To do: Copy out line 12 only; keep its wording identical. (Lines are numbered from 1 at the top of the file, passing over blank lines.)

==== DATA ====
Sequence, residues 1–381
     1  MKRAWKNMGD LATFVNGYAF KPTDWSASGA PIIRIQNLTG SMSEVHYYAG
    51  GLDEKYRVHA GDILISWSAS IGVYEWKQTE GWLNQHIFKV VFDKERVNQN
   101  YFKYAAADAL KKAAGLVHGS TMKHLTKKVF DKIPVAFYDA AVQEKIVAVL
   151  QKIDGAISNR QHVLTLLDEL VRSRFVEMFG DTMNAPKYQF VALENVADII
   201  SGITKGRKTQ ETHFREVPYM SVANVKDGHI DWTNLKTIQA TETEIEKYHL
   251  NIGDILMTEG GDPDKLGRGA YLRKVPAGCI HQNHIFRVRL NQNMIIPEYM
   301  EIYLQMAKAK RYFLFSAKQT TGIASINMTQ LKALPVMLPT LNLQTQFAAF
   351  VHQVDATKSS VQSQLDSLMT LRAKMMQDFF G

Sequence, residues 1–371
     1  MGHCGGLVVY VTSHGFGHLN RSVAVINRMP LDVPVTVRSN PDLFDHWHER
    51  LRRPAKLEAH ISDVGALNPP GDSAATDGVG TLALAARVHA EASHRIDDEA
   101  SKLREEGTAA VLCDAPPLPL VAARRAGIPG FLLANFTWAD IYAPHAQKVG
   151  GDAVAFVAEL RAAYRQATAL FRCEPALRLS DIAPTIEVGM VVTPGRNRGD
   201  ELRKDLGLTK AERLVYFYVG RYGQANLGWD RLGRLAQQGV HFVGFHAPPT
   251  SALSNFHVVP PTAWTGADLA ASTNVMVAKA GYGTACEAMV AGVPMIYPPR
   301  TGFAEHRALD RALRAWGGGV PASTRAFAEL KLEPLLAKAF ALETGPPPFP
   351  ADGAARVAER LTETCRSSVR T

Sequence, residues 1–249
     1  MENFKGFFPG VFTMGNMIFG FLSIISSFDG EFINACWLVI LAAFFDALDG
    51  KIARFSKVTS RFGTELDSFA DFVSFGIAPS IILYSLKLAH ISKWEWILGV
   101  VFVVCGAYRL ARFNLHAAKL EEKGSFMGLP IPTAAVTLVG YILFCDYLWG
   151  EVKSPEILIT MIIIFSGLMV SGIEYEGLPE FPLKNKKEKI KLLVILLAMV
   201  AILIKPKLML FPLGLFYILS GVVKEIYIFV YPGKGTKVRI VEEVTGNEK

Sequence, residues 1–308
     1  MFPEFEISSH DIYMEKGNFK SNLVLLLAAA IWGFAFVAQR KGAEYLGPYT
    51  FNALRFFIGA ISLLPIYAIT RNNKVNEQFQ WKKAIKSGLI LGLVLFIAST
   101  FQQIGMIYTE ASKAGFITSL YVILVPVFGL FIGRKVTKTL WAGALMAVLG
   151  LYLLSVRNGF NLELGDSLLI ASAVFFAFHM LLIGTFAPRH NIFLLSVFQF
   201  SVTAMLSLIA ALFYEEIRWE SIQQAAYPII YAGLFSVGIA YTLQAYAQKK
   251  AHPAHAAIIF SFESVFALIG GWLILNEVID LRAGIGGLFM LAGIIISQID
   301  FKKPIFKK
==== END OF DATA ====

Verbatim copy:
    51  LRRPAKLEAH ISDVGALNPP GDSAATDGVG TLALAARVHA EASHRIDDEA